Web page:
Adopting Silverlight - An Architects Point of View
A very common deployment scenario for Silverlight 1.1 Applications is to be hosted from Windows Server 2003/IIS6 environments. This implies that the development environment for Silverlight will be based in .Net Framework 3.5 while the deployment environment will be based in .Net Framework 2.0. Combine the platform mismatch between development and production environments with the fact that we are working with as yet unsupported products and technology and we have a recipe for a failed project. We would be introducing risk into our project. That risk that must be understood and mitigated for if we plan on being early adopters of this breakthrough technology. This article delves into the areas of risk associated with developing Silverlight 1.1 applications that invoke Web Services and that are then deployed into Windows Server 2003/IIS6 environments.
Silverlight is a cross platform, cross browser plug-in for creating Rich Internet Applications, Silverlight supports a subset of Windows Presentation Foundation XAML combined with a code behind model to produce stunning visual experiences that leverage vector graphics, animation, streaming video and rich user interface controls.
Since Silverlight applications run in the browser and since browsers support web services it make sense to leverage web services for data access. Combining Silverlight with web services has the same architectural underpinnings as AJAX; client side code asynchronously invoking web services via the XmlHttpObject.
Silverlight comes in 2 versions today:
- Silverlight 1.1 (alpha) – Uses XAML for defining the user interface combined with C#, VB, Ruby or Python in the code behind
Instead I intend to focus on developing Silverlight 1.1 applications that invoke Web Services directly. My development environment will leverage Visual Studio 2008 Beta 2 and be based on .Net Framework 3.5. I will then cover deploying both the Silverlight application and the Web Service to a Windows Server 2003 .Net Framework 2.0 environment. This configuration is shown here:
Common Silverlight 1.1 Architecture Pattern
I believe that this will be a very common configuration for some time and since doing this is not as straight forward today due to the early release bits we are dealing with, I wanted to document the process I have discovered for both developing and deploying applications that leverage this configuration. There is no doubt the Visual Studio and Silverlight teams will smooth out many of these issues by release time but if you want to start working with alpha and beta bits in a production environment having the process well documented should make adoption go much smoother.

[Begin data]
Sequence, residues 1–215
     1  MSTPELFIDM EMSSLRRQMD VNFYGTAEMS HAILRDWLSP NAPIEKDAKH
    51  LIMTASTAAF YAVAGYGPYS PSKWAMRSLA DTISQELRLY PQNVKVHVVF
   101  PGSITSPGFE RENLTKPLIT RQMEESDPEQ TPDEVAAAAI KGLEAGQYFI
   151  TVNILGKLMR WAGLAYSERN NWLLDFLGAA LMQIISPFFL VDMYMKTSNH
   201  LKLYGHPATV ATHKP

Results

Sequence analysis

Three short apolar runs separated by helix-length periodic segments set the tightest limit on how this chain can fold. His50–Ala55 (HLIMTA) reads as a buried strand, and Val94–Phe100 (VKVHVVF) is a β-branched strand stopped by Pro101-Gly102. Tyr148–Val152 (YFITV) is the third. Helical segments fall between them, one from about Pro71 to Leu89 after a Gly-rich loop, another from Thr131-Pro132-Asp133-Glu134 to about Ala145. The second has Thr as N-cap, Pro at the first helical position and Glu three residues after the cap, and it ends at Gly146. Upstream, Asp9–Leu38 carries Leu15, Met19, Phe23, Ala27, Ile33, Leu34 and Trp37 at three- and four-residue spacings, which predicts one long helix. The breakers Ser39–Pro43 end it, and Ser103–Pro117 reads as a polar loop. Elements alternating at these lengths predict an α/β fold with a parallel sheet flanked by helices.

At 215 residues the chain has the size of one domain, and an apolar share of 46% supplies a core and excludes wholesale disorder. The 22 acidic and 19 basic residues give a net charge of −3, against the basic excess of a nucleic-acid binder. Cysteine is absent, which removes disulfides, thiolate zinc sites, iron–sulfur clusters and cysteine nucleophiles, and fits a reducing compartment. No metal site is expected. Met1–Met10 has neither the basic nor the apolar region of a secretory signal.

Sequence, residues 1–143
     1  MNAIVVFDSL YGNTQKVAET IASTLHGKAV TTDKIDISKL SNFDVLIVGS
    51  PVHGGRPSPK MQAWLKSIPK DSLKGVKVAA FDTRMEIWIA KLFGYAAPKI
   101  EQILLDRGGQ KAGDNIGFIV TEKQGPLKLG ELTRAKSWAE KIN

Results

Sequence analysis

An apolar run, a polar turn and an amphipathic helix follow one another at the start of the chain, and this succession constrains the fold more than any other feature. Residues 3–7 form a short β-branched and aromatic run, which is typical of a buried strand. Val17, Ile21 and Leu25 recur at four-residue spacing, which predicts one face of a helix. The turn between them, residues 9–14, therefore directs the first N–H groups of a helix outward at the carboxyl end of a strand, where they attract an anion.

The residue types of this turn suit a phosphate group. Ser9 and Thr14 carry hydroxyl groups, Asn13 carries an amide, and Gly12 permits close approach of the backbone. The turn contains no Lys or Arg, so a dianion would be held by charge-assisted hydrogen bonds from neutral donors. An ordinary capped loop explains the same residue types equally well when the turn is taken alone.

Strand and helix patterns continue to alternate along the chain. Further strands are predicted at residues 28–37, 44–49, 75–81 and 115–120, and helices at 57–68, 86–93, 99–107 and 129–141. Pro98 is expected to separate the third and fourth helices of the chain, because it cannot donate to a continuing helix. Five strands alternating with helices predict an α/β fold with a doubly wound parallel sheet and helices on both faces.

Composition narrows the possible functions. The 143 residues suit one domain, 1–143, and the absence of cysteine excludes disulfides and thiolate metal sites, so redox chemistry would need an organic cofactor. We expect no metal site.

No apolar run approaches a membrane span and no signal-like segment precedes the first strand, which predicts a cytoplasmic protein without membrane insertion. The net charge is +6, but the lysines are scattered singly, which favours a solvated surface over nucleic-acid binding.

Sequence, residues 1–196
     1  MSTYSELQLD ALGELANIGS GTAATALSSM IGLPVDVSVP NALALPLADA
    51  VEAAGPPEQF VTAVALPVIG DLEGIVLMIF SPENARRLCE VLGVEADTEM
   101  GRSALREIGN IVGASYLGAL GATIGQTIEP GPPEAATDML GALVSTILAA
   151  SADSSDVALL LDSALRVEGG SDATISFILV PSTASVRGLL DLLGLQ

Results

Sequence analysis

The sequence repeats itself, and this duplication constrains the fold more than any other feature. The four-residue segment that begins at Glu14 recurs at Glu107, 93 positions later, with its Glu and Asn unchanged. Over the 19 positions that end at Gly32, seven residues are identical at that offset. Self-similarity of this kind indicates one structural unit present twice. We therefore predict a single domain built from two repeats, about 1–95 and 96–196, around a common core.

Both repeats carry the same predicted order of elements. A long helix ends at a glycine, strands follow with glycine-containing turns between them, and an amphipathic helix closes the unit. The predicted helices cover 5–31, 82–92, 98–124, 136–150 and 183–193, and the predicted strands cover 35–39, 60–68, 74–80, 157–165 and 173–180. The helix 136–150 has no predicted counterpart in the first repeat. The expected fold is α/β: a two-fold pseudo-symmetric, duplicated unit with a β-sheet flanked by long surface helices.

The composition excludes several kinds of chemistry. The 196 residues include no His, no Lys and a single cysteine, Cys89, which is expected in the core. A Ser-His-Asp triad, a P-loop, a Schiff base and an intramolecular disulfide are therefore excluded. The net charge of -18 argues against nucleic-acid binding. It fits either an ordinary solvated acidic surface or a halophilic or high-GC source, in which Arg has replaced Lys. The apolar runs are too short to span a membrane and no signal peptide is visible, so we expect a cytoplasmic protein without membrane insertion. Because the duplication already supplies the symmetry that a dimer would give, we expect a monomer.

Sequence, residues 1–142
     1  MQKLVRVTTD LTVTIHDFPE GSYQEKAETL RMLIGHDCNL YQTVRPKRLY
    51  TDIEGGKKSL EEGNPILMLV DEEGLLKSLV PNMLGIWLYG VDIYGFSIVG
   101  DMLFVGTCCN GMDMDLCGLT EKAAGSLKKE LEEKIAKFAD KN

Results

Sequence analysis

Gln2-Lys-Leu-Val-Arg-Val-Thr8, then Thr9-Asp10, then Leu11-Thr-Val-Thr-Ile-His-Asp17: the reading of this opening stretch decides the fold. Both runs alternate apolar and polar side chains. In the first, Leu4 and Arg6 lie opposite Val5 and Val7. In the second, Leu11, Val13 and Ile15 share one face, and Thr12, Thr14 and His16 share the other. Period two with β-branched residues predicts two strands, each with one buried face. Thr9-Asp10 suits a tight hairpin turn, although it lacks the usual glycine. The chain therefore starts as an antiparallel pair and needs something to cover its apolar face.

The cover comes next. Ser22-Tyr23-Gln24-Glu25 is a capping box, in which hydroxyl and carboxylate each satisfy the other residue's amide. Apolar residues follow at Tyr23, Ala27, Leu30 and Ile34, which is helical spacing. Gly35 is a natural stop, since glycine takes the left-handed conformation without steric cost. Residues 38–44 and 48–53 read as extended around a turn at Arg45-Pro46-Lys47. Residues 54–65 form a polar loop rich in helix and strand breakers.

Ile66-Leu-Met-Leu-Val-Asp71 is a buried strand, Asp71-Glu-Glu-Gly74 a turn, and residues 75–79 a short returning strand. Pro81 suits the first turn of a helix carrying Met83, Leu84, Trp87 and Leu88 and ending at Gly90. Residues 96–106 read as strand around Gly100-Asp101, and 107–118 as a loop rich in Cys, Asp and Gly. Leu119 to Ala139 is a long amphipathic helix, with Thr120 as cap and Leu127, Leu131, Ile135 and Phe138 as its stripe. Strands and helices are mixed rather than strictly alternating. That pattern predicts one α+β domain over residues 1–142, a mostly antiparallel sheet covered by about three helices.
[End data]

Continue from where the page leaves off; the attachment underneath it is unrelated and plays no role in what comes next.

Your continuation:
The tricky part of this approach has to do with the fact that your development environment will be configured for .Net Framework 3.5 and the host production environment will be configured for .Net Framework 2.0. In addition, Silverlight at this time does not support cross domain scripting so you will need to avoid that in both your development and production environments.
If you want to follow the tutorial section of the article you will need the following system setup:
- Windows Xp SP2 or Windows Vista
- Visual Studio 2005
- Visual Studio 2008 Beta 2
- Silverlight 1.1 Alpha Runtime for Windows
- Silverlight 1.1 Tools Alpha for Visual Studio 2008 Beta 2
- Silverlight 1.1 Alpha SDK
- Windows Server 2003 w/ IIS6
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Solution Setup for a Silverlight 1.1 Application with Web Services
In this section I will cover the step by step recipe for creating a Silverlight 1.1 Application that invokes web services. The resulting configuration will allow for seamless debugging of the both the client side Silverlight code as well as the server-side web service code.
Step 1: Create an empty Visual Studio Solution using Visual Studio 2008 Beta 2
File, New, Project, Other Project Types
- Call it ‘SilverlightAndWebServicesSolution’
Step 2: Add a Silverlight Project into the Solution
This will be the Silverlight Client project.
File, Add, New Project
- Call it ‘SilverlightApp’
Step 3: Add a TextBlock element to the XAML
This will be the placeholder for the data returned by our web service.
Give the TextBlock the name ‘TheMessage’. The TextBlock element will be used to display the results of our call to the web service.
Step 4: Add a new project to the solution of type ASP.Net Web Application
This will be the Silverlight Host project.
- Call it ‘SilverlightHost’.
- Select this project as the Startup Project.
- Delete the Default.aspx and related code behind files from the project.
Step 5: Add a Silverlight Application Reference to the Silverlight Host
This will link the host project to the Silverlight client project.